As a concrete example, let’s say that I’m storing information about what the temperature was in Baltimore at a given time. The reasonable primary key for this data is time. Now let’s say I want to know what the temperature was in Baltimore on, say, Sunday, November 2, 2014, at 1:30 AM. Looks like I’m SOL — there were two 1:30 AMs on November 2. So now I either need to include an additional piece of information in my key — “was this hour the DST duplicate hour or not,” which will be “not” in 8,759 out of 8,760 entries in that table — or I need to pick a single time zone to put the data in (EST or EDT, rather than EPT) and then keep track of that every time I want to tie that out with another piece of data (this problem is actually largely solved, but my company is so far down the path of not-best-practices that we actually choose to just ignore the extra hour and store everything in EPT). This leads to a huge number of problems for the company as a whole (how do we treat the extra hour for products that trade on an hourly basis? Can we tie out our data to the point where we can even have a view on that hour?) and me personally, as I spend probably ten hours every fall fixing things that were written back when time didn’t suddenly and inexplicably duplicate itself — you know, 99.98% of the year — and the fix is almost always to ignore any duplicates in the primary key of the data, which means if there are real duplication errors (e.g., they post two completely different temperatures for Baltimore at 2:30 AM on Sunday, Nov. 2, and we need to figure out which one is correct), we completely miss them. Then of course there’s the data that gets posted on an hourly level — what do you do when one of those says that the hour is “hour ending 25” or “hour ending 2_2” …
So I of course propose that we eliminate DST entirely. However, if we’re going to look at DST, we might as well look at time zones generally. I further posit that these, also, are misleading and confusing (though not to the same degree as DST), and should be eliminated in favor of a single universal time (say, a Coordinated Universal Time). There’s exactly zero reason that 12:00 PM has to occur in the middle of daylight (and in fact, it doesn’t — we already shift that by an hour in DST, and near the borders of time zones by up to two hours), and as already discussed there’s no reason that we have to operate on a 9-5 schedule. In Virginia, we’re (currently) 5 hours behind UTC; why not go to work on a 2PM-12AM schedule? We’d wake up when the sun rises at 12:00 PM and go to bed after it sets at 1 AM. Midnight would be 5AM and noon would be 5PM. The key is that it makes no difference what time the clock says — the only thing that matters is that everybody agrees on its meaning. In today’s global marketplace, if the entire world can agree on a calendar*, the entire world should be able to agree on a time.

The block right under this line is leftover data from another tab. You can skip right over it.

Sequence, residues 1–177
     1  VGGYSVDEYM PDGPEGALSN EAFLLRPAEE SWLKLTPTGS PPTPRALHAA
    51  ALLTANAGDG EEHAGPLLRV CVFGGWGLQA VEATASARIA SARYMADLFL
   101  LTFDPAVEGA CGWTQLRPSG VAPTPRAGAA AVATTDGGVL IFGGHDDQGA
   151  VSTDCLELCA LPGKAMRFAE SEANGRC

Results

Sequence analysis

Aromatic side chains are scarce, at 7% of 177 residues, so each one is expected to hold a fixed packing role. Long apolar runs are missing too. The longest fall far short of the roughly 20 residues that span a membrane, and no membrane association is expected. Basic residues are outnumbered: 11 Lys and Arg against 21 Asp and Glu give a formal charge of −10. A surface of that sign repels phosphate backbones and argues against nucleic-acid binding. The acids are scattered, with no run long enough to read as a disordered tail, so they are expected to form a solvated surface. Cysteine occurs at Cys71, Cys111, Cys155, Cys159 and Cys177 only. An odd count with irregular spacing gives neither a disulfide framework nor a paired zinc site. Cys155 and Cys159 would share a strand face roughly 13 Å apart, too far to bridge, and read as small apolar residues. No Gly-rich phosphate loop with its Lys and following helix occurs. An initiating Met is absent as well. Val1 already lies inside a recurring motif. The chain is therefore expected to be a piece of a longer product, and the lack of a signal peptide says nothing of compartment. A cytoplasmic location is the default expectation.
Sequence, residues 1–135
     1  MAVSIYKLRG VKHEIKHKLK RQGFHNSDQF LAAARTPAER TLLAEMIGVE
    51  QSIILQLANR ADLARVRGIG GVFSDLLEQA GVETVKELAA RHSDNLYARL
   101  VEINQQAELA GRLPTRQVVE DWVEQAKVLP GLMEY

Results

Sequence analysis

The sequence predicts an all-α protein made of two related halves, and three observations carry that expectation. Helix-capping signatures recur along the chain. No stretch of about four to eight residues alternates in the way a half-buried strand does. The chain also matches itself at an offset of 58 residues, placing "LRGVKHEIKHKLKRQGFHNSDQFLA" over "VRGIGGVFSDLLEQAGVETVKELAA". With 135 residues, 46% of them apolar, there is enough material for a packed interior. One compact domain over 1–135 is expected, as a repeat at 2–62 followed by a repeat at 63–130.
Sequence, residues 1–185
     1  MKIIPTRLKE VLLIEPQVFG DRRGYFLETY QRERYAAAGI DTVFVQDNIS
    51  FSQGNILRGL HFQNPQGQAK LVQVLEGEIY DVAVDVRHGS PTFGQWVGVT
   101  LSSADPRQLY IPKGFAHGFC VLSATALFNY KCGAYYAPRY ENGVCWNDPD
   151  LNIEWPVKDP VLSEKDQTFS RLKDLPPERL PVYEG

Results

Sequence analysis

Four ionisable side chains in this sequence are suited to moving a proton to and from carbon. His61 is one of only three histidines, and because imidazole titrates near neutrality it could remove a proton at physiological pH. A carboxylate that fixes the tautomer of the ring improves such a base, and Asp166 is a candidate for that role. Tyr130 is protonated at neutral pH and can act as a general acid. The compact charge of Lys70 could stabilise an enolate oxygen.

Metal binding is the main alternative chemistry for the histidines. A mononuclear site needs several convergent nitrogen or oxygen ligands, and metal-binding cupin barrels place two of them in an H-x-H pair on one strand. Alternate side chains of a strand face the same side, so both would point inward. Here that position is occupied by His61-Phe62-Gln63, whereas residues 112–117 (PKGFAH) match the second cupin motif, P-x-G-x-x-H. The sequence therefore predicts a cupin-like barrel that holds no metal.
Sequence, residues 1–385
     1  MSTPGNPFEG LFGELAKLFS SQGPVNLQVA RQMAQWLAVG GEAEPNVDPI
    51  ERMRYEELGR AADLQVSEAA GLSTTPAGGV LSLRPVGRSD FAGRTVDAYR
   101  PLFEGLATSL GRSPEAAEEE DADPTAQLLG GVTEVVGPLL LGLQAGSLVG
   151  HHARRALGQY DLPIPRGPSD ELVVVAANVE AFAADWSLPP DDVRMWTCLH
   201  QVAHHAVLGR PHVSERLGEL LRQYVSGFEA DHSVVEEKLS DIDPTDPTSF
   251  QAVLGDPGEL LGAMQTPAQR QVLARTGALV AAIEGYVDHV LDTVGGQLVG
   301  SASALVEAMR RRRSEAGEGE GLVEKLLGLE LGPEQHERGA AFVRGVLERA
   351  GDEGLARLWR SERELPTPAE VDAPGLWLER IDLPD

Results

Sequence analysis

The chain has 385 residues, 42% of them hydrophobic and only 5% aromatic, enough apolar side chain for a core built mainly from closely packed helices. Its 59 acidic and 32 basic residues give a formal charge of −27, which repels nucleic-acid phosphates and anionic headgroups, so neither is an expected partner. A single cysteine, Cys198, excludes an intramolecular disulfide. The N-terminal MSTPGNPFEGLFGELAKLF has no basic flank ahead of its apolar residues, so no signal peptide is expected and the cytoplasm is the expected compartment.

* It’s surprisingly hard (not to say that it’s actually all that difficult — I googled a bit and didn’t find much, but I expected it to be very easy) to find data on who all uses the Gregorian Calendar, but the wikipedia page on New Year claims the Gregorian calendar is in “worldwide use,” and this page cites the Wiki page on the Gregorian Calendar (which doesn’t currently appear to have a list of countries using it) in its calculation that over 96% of the world population currently observes the Gregorian Calendar. Of course, the Gregorian Calendar has its own problems — even if we all agree that the best way to keep track of dates is to have 12 months and an extra day every four years (but not … every four years…), why have a month with only 28 days ever? Why not make every month either 30 or 31 days and have it be 7 / 5 for three years and then 6 / 6 for the leap year?
Note: for a (presumably) less biased and more fact-based discussion of the goods and bads of DST, you can check out the wikipedia page (duh), which has a section devoted to this discussion.